In late afternoon, Julian went below to try to catch some sleep. Cadiz lay ahead, the giant suspension bridge towering above the city. Seven months ago, the last time we saw the bridge, it was two separate pieces, not yet meeting in the middle. But now it was complete and a colossus. It seemed to take forever to get past Cadiz. Martina had been looking at Cadiz slowly changing perspective against Carina for over two hours and was level with the city when Julian took the helm at 7pm. For four more hours we sailed northwest at over 6 knots, and as day turned to night the two red lights on top of the bridge lit the sky. When Martina took over again at 11pm those lights could still been seen faintly in the distance, over twenty miles away.
Once darkness fell, Julian sailed with the bright lights to the north of Cadiz on one side and the bright lights of a line of merchant ships at anchor on the other.
Martina’s attempts at sleep failed as she shared the aft berth with Lily and Katie who, despite not being tired, had decided to go to bed, and played in bed for three hours with Martina occasionally yelling at them and kicking them out because they were coming between her and sleep. So Martina was not in the best of moods when she took the helm from 11pm to 2am. And because of the uncomfortable swell and the leaning of the boat, Julian only managed about ten minutes sleep during his down time. At 2am we swapped places, and Martina slept soundly for two and a half hours. At 5am we swapped places again.
Because of the speed we had maintained all night, we were still set to reach the mouth of the Guadiana two hours earlier than we wanted. When Martina took the helm at 5am the lights of Spain and Portugal were close and she could already see the leading lights into harbour entrances along the coast.
Julian had just fallen into his first deep sleep of the journey when Martina shouted him awake. ‘Why’s there a cardinal mark right here’ and a few seconds later ‘Shit, I’ve just nudged a large buoy with no light’. Martina was in a panic. ‘There’s a whole line of buoys’ she yelled and Julian leapt into the cockpit. He ran to the bow to look ahead and urgently shouted back ‘Turn right, turn right’. Martina turned left. We ploughed straight into a fishing net, briefly dragging a line of buoys. Luckily, we quickly lost the net and were past the danger. Looking back, we saw an array of bright yellow flashing lights, lit up like a Christmas tree. Martina claimed ‘Honestly, I didn’t see the lights. Well I did, but I thought they were lights on shore’.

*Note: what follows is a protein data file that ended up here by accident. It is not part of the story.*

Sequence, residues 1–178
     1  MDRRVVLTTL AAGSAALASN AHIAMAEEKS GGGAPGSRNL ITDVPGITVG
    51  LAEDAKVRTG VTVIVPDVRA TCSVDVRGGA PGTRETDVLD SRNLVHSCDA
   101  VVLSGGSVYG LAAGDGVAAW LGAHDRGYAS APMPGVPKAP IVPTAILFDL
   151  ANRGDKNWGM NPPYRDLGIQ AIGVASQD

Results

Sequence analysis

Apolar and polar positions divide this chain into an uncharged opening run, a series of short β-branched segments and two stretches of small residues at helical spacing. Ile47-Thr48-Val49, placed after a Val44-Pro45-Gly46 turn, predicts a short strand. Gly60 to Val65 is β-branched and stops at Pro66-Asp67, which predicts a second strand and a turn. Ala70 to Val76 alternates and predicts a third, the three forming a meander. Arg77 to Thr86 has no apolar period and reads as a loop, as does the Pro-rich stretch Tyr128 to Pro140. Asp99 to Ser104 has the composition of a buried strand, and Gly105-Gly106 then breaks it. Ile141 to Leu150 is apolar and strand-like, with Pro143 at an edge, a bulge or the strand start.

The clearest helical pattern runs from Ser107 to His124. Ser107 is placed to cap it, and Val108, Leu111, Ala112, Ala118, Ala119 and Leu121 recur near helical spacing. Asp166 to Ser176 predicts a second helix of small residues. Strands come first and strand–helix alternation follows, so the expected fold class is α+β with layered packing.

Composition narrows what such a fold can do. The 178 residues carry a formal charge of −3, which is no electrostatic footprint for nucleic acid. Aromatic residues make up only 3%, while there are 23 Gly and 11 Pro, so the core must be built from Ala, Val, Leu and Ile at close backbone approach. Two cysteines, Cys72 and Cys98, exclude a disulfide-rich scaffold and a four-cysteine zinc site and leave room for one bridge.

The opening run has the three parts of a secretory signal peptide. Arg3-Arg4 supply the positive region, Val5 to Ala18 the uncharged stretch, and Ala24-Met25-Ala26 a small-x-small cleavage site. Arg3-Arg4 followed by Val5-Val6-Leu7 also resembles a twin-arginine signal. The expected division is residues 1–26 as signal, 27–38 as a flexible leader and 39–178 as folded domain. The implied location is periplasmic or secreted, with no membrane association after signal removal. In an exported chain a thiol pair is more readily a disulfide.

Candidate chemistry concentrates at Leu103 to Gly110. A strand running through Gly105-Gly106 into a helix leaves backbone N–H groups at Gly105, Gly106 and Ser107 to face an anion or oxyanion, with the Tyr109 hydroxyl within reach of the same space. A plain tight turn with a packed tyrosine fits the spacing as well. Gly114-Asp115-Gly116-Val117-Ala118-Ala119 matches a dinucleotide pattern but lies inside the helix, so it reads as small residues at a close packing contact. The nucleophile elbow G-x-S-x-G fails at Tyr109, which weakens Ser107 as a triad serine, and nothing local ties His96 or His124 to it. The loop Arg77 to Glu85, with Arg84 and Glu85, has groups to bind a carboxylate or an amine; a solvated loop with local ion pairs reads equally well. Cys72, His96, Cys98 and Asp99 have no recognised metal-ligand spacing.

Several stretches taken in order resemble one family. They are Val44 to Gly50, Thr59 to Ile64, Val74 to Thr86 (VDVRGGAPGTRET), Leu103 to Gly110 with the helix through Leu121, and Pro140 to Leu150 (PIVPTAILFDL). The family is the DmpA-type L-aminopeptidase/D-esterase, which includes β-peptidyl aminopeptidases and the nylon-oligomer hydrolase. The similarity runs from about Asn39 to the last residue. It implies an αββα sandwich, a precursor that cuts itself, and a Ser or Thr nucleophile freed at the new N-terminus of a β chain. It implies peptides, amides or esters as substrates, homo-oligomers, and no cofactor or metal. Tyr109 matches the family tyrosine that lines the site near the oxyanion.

Before going back to bed, Julian brought in the genoa and mizzen sails and told Martina to carry on for another hour or two and then tack away from shore. But we continued to make too much way. Martina was spooked because of the incident with the fishing net, had momentarily lost her confidence and no longer trusted her judgement. What if all the lights that she thought were on shore are actually only 100 metres away? And the depth gauge showed that we were losing depth at a rapid rate. 18 metres, 17.5, 17. If it kept dropping at this rate we’d be on land in ten minutes. She called Julian up again. We decided to tack away from shore now, sailing an hour or two into the darkness. But Julian was too tired to sail and wanted to get his head down for a little longer. The sailing was difficult on this heading, with local fishing boats bobbing around in the darkness, lobster pots to be slalomed through, and other nets like the one we’d just passed over. So we decided to bring in the mainsail and motor. For the next two hours we pottered around, doing 2 knots, not going anywhere, while we waited to enter the river and while Julian attempted to get more sleep.
At 8am we decided to go for it, and gingerly made our way towards the 500 metre wide river mouth. We began our entry into the river at exactly half-flood, carefully picking out the buoys marking the channel, whose helpful lights went out fifteen minutes earlier. But in early morning the trials of the night were left far behind us. We had a choice of Vila Real de Santo Antonio marina on the Portuguese side of the river or Ayamonte marina on the Spanish side. Keeping a close eye on the depth gauge, there seemed to be plenty of water and we entered the Guadiana comfortably, the swell subsiding as we passed behind the long breakwater at the mouth of the river. All of a sudden we were accompanied by the shrill cacophony of multitudes of terns diving for fish. The peaceful sandy and muddy riverbanks felt very different to anywhere we have been for a long time.
As we came alongside Vila Real de Santo Antonio we saw a space on the outside pontoon. Within minutes we were tied up, Martina was making breakfast and we were back in Portugal again.